Australian wage growth has slumped to the lowest pace in at least 17 years against the backdrop of a deteriorating labour market with another iconic brand announcing job losses.
Following Alcoa's decision this week to close its Geelong aluminium smelter and shed 1000 workers, Telstra said on Wednesday it's axing 800 jobs from its directories business Sensis.
Economists said slow wages growth was to be expected with zero employment growth over the past year and with the jobless rate already climbing to a decade high of six per cent.
Australian Chamber of Commerce and Industry acting chief economist Burchell Wilson said real wages growth has gone backwards in the past 12 months because it is now trailing an inflation rate of 2.7 per cent.
The latest wage price index - the Reserve Bank's preferred measure of wages growth - saw the annual rate ease to 2.6 per cent, the lowest level since the data series began in 1997.
"Higher real wages can only be sustainably delivered by lifting productivity," Mr Wilson said in a statement.
"A succession of policy failures have damaged Australian living standards and need to be remedied."
Most immediately this should start with the repeal of the carbon and mining taxes.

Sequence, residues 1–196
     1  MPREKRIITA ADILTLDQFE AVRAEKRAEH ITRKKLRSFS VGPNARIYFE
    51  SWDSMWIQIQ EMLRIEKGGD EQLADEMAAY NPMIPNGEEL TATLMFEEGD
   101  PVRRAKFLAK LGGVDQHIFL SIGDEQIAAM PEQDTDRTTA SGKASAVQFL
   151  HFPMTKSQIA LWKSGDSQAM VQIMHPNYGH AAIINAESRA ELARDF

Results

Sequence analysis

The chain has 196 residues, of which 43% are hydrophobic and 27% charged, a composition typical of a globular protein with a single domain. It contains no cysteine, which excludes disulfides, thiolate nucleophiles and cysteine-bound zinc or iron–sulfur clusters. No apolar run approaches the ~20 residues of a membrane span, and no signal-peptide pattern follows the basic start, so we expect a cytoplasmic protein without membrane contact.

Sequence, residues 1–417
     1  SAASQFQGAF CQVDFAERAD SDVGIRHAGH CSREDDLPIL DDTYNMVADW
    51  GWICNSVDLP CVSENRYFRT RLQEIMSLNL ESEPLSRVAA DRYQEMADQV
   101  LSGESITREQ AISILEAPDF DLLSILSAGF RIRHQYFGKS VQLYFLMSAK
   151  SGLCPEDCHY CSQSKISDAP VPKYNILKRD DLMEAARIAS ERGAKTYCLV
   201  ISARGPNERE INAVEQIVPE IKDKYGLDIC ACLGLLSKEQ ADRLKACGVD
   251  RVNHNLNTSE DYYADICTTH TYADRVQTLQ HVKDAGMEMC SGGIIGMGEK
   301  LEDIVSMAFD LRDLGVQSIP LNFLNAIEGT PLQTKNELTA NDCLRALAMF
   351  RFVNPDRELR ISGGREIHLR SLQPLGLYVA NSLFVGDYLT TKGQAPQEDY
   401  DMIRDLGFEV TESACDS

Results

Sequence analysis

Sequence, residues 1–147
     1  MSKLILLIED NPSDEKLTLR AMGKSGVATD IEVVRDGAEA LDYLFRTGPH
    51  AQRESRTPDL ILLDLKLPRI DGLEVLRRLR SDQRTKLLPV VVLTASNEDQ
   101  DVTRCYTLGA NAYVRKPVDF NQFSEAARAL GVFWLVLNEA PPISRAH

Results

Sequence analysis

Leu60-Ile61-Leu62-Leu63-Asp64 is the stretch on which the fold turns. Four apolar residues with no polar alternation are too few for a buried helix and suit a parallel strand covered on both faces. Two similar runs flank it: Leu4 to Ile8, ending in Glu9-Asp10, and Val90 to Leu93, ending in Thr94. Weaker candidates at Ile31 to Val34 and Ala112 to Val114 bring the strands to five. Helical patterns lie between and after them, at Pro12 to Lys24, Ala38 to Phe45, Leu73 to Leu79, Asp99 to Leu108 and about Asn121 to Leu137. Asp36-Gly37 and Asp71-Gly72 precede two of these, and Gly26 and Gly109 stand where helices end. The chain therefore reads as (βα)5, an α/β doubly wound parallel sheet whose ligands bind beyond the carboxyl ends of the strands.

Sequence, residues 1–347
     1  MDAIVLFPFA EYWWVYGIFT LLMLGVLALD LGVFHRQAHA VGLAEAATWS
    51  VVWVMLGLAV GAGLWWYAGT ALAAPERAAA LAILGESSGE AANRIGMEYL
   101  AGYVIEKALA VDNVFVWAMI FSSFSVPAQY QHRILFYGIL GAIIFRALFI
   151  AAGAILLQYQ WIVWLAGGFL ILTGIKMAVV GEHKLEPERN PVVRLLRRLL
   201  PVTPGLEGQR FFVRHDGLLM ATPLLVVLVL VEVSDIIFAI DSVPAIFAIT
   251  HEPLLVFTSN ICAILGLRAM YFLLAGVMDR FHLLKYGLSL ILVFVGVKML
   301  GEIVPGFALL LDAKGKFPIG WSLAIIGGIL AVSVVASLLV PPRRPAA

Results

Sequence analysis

The benign wages outcome will come as a relief to the RBA after the unexpected jump in the rate of inflation in the December quarter, which prompted financial markets to price in the risk of an interest rate rise by the end of the year.
Westpac chief economist Bill Evans said consumers were becoming more nervous about the future due to a growing anxiety around job security and the prospect of higher interest rates.
He said that explains the recent softening in the Westpac-Melbourne Institute leading index of activity, albeit still pointing to above trend economic growth in the next three to six months.
"We are more concerned about the growth outlook and still see the prospect of rate cuts being more likely than the current expected rate hike scenario," Mr Evans said.
However, TD Securities head of Asia-Pacific Annette Beacher said there are grounds for optimism with new data showing a substantial leap in vacancies.
Department of Employment data showed job vacancies posted on the internet jumped 7.6 per cent in January, with all occupational groups that are monitored by the department rising.
Demand for workers was widespread across the nation, apart from the ACT that recorded a 2.7 per cent decline in ads during the month.
The recent pick-up in housing construction saw demand for labourers surge by nearly 10 per cent in January.
"Hopefully all this good news overshadows the forthcoming loss of jobs in manufacturing," Ms Beacher said.